both lakes.

The peak intensity of this lake effect snow event will likely be at
and just after the passage of the clipper, Wednesday afternoon and
evening. The most favorable conditions are relatively brief and the
bands will be in motion, which will limit the potential for heavy
accumulations in any one location. Warning criteria snow is possible
during this time window if the bands become strong enough, but
confidence is low given uncertainties with respect to placement,
intensity, and longevity of the heavy snow.

Wednesday night, in the wake of the cold front and clipper, lake
snows will be focused southeast of both lakes under NW`erly flow.
Lake snows will also gradually weaken overnight as high pressure
over Wisconsin rapidly tracks east behind the departing clipper. A
drier air mass will work in across the Lower Lakes and with a
strengthening subsidence inversion (lowering equilibrium levels)
lake snows will weaken as we head into Thursday.

In terms of temperatures, this will be some of the coldest air so
far this winter season. Highs on Wednesday will likely only be in
the low to mid 20s. Combine that with a brisk wind flow, and it will
feel more like temperatures are in the low teens to single digits.
Wednesday night, winds will subside but it will be cold with
temperatures falling back into the teens south of Lake Ontario, and
single digits across interior locals east of Lake Ontario.


Any lingering lake effect snow showers southeast of the lakes
Thursday morning will end as high pressure builds over the eastern
Great Lakes. Otherwise expect some partial clearing outside of lake
effect clouds. Highs will be in the mid 20s in most locations. The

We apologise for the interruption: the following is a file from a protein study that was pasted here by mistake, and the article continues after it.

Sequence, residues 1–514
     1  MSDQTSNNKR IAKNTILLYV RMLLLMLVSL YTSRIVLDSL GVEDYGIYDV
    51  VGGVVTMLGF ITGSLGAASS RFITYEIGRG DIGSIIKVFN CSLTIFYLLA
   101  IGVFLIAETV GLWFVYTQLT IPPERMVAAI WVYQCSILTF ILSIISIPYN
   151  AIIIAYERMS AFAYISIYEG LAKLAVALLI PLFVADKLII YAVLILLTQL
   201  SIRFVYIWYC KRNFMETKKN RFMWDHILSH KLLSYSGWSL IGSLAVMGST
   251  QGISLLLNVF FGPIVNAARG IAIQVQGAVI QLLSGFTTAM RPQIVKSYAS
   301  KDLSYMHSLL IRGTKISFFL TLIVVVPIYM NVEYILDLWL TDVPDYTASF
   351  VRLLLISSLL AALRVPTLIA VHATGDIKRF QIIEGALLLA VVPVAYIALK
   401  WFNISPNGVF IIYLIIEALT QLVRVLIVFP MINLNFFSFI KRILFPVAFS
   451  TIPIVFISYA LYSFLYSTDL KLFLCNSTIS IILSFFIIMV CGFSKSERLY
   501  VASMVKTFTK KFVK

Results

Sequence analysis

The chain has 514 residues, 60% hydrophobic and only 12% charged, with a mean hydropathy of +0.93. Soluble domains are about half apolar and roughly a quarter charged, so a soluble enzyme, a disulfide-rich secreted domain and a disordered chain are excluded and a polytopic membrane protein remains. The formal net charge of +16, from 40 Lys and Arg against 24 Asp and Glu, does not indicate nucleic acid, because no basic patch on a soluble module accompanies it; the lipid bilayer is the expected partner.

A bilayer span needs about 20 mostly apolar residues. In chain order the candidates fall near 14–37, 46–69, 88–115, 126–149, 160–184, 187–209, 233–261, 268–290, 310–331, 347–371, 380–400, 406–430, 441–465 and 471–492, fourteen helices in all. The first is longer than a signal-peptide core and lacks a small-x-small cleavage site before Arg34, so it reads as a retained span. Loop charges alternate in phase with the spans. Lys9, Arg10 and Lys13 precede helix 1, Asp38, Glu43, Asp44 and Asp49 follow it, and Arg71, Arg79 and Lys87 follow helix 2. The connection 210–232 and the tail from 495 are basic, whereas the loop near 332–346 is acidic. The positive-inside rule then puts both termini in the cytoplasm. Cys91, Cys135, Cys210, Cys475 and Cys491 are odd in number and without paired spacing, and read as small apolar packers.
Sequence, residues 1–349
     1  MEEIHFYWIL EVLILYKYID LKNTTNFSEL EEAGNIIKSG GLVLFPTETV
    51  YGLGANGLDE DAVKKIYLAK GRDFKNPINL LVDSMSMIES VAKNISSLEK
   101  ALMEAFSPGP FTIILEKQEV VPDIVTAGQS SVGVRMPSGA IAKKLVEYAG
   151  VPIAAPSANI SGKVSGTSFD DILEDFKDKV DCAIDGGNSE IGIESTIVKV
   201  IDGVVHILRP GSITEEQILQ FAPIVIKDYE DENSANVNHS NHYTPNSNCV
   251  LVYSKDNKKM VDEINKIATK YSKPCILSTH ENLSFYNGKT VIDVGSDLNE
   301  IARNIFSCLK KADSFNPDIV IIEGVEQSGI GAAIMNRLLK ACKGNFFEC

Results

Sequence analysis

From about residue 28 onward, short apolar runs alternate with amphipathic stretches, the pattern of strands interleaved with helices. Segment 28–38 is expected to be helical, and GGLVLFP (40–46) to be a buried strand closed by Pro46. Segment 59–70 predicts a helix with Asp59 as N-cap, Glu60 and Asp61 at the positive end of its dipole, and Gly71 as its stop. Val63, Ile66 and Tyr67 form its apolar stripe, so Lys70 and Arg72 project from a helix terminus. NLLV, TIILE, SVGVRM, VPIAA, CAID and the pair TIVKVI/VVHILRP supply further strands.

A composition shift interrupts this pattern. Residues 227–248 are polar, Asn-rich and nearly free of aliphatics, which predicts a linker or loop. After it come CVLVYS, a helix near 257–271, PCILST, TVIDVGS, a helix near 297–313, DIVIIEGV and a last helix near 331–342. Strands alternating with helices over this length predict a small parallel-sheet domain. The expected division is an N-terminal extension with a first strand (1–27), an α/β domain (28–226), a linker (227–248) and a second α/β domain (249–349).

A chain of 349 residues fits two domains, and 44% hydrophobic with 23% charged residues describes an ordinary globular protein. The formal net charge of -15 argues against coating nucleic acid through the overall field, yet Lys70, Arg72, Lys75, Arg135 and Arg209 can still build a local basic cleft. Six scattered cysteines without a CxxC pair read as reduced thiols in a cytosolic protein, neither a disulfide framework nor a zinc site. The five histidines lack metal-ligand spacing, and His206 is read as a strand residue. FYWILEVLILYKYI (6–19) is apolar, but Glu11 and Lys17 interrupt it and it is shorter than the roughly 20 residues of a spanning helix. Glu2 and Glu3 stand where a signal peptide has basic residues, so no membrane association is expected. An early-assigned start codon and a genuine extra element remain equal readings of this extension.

surface high will still be close by Thursday night, with associated
light winds allowing lows to drop into the teens in most areas, and
single digits east of Lake Ontario.

The surface high moves off the east coast Friday, with a
continuation of dry weather. Developing southerly flow in the wake
of the departing high will bring the start of a warming trend, with
highs in the mid to upper 30s. The warming trend will continue
through Saturday with deep southerly flow across the eastern US,
supporting highs back into the low 40s in most areas. A complex
pattern will evolve over the east, with a northern stream trough
moving into the western Great Lakes and a southern stream low moving
north out of the Gulf of Mexico and into the Mid Atlantic states.
Moisture spreading north of this southern stream low will bring an
increasing chance of rain showers Saturday.

Rain showers will continue into Saturday night and Sunday as a
complex storm system evolves over the Great Lakes and Northeast. In
terms of temperatures, it appears that temperatures will average a
little above normal Saturday and Sunday.


High pressure off the southern New England coast will provide mainly
VFR flight conditions late this afternoon with southerly winds
gusting to 20-30 knots through this evening.

Ongoing warm air advection will support increasing mid and high